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My Journey in Writing

My name is Lynne Stringer and I love writing! Of course, that’s not all I love. I also love reading books, especially ones that take me out of the every day and into a new world. It doesn’t have to be a completely imaginary world, either. Anything with fascinating characters and interesting storylines will do. My first young adult novel, The Heir, was accepted for publication by Wombat Books and released on 1 June 2013. It is the first book in the Verindon trilogy. It’s so exciting to have a real copy of my book in my hands.

The Divine Romance

The Divine Romance - Gene Edwards I don't know if Gene Edwards deliberately took theological liberties in this book in the name of allegory or if he agrees with all the points he seems to make in its pages. I guess I could have misinterpreted things, but the trouble with making allegory out of scripture is that it can be taken the wrong way, and that's dangerous when you're dealing with things of God.
From the first few pages, This book seems to suggest that to be made in the image of God equates with being male. This is certainly not how I read scripture. Also, there is the suggestion that God is singular. While God is one, certainly when I read the bible, even in its early stages, this oneness doesn't seem to be the kind of oneness that we, as humans, understand it, but a suggestion of multiple persons in one (a view commonly understood as the trinity). This is not supported in this allegory, especially when, skipping forward to Jesus' arrival on Earth, heaven seems empty of God when he arrives here. Since the bible records Jesus praying to his Heavenly Father while on Earth (and even once in this book), I think this is a position that is not supported in scripture either.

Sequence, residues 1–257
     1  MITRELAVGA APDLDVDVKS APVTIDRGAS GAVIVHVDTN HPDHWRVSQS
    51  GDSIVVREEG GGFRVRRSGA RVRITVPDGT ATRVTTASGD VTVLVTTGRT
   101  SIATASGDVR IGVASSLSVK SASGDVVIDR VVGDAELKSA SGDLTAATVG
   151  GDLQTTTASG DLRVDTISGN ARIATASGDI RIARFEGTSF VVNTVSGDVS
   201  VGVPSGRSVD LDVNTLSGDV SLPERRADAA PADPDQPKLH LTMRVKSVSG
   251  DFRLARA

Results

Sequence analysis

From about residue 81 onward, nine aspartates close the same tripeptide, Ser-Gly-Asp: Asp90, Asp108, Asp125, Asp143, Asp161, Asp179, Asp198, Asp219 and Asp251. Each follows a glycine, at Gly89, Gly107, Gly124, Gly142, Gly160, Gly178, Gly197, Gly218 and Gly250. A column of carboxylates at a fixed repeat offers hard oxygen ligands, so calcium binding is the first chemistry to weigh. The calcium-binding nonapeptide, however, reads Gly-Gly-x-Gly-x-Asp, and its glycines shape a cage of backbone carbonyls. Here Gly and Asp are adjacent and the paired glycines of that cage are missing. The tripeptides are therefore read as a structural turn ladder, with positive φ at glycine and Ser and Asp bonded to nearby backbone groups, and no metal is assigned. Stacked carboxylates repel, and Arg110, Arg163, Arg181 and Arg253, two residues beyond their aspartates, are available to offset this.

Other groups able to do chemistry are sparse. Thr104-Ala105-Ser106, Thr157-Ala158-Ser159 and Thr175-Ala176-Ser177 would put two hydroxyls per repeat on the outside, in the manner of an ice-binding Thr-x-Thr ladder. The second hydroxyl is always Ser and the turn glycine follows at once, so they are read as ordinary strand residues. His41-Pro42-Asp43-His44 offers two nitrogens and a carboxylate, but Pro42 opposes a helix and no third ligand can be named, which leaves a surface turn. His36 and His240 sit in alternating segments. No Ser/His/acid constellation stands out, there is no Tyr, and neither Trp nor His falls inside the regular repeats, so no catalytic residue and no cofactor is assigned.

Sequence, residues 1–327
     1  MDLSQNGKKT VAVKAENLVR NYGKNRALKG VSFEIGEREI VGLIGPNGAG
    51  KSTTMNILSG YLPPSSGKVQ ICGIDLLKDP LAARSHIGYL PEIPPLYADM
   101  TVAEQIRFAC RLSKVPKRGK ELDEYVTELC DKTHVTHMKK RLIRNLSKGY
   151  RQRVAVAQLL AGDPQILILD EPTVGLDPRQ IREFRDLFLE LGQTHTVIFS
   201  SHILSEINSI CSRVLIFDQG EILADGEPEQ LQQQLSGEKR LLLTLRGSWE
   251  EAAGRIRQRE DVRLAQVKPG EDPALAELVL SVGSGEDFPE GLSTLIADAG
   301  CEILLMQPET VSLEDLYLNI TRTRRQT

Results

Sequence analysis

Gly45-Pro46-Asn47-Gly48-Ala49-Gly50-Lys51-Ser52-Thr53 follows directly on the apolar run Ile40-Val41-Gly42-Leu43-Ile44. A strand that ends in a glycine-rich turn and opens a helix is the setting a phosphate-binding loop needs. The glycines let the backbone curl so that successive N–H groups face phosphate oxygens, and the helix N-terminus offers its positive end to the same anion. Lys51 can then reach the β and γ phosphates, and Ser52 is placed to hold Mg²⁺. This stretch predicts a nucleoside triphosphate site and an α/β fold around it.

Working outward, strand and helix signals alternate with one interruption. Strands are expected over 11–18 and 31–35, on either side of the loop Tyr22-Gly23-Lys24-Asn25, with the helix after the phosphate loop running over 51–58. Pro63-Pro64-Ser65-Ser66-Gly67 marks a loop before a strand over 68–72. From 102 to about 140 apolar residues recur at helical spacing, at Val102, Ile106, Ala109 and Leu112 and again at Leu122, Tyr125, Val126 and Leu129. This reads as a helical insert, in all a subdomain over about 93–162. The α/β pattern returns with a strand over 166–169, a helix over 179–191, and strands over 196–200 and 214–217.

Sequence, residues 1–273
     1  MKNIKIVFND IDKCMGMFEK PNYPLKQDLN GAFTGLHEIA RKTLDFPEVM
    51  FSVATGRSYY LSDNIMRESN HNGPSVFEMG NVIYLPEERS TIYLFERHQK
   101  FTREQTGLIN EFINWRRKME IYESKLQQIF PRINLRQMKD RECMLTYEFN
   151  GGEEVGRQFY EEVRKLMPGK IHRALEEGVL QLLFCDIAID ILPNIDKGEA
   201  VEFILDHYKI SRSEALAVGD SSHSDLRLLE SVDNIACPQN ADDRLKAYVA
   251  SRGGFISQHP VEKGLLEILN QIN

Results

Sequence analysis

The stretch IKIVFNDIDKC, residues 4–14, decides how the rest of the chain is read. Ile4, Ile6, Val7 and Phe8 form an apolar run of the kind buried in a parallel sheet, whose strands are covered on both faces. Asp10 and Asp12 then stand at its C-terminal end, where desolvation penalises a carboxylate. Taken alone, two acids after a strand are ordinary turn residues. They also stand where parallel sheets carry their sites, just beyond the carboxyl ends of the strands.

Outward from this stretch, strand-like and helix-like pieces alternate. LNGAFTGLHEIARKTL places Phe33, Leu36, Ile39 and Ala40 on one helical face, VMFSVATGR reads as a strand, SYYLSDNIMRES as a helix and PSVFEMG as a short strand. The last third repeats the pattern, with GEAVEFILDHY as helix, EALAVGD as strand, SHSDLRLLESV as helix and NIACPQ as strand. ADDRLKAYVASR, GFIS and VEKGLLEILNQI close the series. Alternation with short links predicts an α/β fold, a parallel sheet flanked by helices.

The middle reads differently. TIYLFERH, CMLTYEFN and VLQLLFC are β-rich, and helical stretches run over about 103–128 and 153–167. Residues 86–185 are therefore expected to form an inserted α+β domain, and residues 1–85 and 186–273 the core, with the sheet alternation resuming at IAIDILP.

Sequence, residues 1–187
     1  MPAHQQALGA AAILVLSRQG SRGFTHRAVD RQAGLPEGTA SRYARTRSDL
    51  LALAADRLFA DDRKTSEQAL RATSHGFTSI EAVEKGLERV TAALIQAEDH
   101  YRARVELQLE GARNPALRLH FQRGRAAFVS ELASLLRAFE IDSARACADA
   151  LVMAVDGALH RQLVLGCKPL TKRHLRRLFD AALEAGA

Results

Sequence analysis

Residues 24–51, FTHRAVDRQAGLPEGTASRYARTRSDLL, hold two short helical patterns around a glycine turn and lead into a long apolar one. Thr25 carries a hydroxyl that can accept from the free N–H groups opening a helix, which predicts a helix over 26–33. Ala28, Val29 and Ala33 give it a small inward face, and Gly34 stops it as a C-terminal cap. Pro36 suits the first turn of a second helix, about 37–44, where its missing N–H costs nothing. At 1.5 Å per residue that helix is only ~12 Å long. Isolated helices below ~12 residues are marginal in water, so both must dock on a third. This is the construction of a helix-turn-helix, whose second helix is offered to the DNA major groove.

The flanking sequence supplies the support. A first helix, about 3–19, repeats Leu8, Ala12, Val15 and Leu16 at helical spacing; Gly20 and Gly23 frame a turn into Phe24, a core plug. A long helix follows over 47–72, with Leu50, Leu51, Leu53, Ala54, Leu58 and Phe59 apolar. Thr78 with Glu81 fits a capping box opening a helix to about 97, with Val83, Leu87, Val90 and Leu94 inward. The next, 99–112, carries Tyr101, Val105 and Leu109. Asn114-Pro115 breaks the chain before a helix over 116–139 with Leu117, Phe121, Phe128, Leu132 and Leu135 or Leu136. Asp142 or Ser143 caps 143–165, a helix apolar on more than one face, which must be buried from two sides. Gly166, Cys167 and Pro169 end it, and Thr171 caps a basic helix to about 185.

A minor point is that, while the author does say Mary Magdalene was possessed by demons (which is what the bible says) he makes her a prostitute as well, even though there is no suggestion in scripture that she and the woman who poured perfume on Jesus' feet were one and the same woman, even if they were both called Mary.
Theology aside, this book had an overabundance of flowery phrases and the author seemed to enjoy belabouring each point he made. Point of view was a bit skewed at times. Also, I'd like to point out that there is such a thing as the overuse of italics. Using it constantly renders it virtually ineffective, even annoying. Italics is used to excess in this book, particularly in the first few chapters.
This is definitely not a book I will be recommending.